While Tech improves, free-throw shooting doesn't

That Georgia Tech has won three of its past five games is feat enough, considering that the Yellow Jackets won four ACC games all last season.

More remarkable, though, is that Tech had opportunities to take the other two, losing to Clemson 63-60 and Florida State 56-54. There is no shortage of ways that the Jackets could have made up those points, but the most obvious were squandered at the free-throw line, where Tech made a combined 19 of 32 attempts in those two games.

“It’s an Achilles heel for us right now,” coach Brian Gregory said. “We should be a better free-throw shooting team.”

The Jackets are, instead, among the poorest. A year after finishing last in the ACC in free-throw shooting at 65.4 percent, Tech is faring even worse this season at 63.8 percent – last again in the ACC and, through Sunday’s games, 312th out of 345 teams in Division I. The Jackets, who play Clemson at home Thursday, are hoping to stack a few more wins together and push their way up the ACC standings. Doing a little better at the line will help.

“Definitely once those close games come around, we need to be able to hit those, especially when we have the lead,” center Daniel Miller said. “They’re going to be fouling us trying to get us to the line. That’s going to be their game plan because of our past games.”

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Whether or not Virginia Tech was intentionally fouling, the Jackets’ foul-shooting adventures aided the Hokies’ comeback attempt Saturday in Blacksburg, Va. After the Jackets built a 25-point lead with 16:27 to play, they missed five of their next six free-throws as the Hokies went on a 15-1 run to close the gap to 11 points with 10:24. After the Jackets stabilized, guard Mfon Udofia did make four of five free throws in the final minute to help seal the game, but the Jackets were 12-for-22 in the game.

In the loss to Clemson, Tech was 10-for-17. Most glaringly, Udofia was 1-for-2 with 17.2 seconds remaining when two free throws would have tied the game. Down one, Tech had to foul, which allowed Clemson to take a three-point lead with 16.4 seconds to go. Tech guard Brandon Reed missed a 3-pointer at the buzzer.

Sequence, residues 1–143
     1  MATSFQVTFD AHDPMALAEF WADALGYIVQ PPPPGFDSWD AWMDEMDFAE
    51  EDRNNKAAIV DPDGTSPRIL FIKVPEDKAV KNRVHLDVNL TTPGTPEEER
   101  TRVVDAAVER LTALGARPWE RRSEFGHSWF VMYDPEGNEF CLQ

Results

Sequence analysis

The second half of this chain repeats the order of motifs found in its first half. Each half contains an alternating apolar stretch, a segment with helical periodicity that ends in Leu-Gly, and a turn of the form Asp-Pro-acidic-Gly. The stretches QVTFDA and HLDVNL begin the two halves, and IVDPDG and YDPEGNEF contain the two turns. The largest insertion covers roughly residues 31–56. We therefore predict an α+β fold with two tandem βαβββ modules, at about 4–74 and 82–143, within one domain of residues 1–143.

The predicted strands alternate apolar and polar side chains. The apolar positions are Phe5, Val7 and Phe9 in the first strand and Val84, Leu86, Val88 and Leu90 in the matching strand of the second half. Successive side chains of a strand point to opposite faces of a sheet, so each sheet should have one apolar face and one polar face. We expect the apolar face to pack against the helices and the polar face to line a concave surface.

Against Florida State, the Jackets made nine of 15. With 4:50 left and the score tied, forward Marcus Georges-Hunt was fouled taking a 3-pointer. He missed all three and then FSU guard Michael Snaer hit a 3-pointer for a potential six-point swing. The Jackets never led after that point.

Tech’s lack of proficiency is not for a lack of effort. Gregory has them shoot between practice segments, when the team is tired and then at the end of practice. He has begun charting the attempts more regularly in the past three weeks, and players who can’t hit 80 percent run sprints.

“For the most part, we don’t have a lot of guys running,” Gregory said.

What confounds Gregory is that Tech has players with good shooting form, like Georges-Hunt, Udofia and Miller, but they’re making 67.2 percent, 66.2 percent and 63.0 percent, respectively. A year ago, Miller hit 76.2 percent. Further, the Jackets have had their moments, making 16 of 19 against St. Mary’s and 12 of 16 at N.C. State’s raucous PNC Arena.

Said Miller, “We’ve just got to focus in.”

To Gregory, who made 81.6 percent during his playing days at Oakland University in Michigan, a good free-throw shooting team should make 70 percent. In his eight seasons at Dayton, his teams had a range of 64.1 percent to 72.3 percent.

“It’s always a touchy subject, because you don’t want to get into a guy’s head and stuff,” he said.

Tech can take comfort in this much: Jackets’ opponents are making 63.9 percent, also worst in the ACC.

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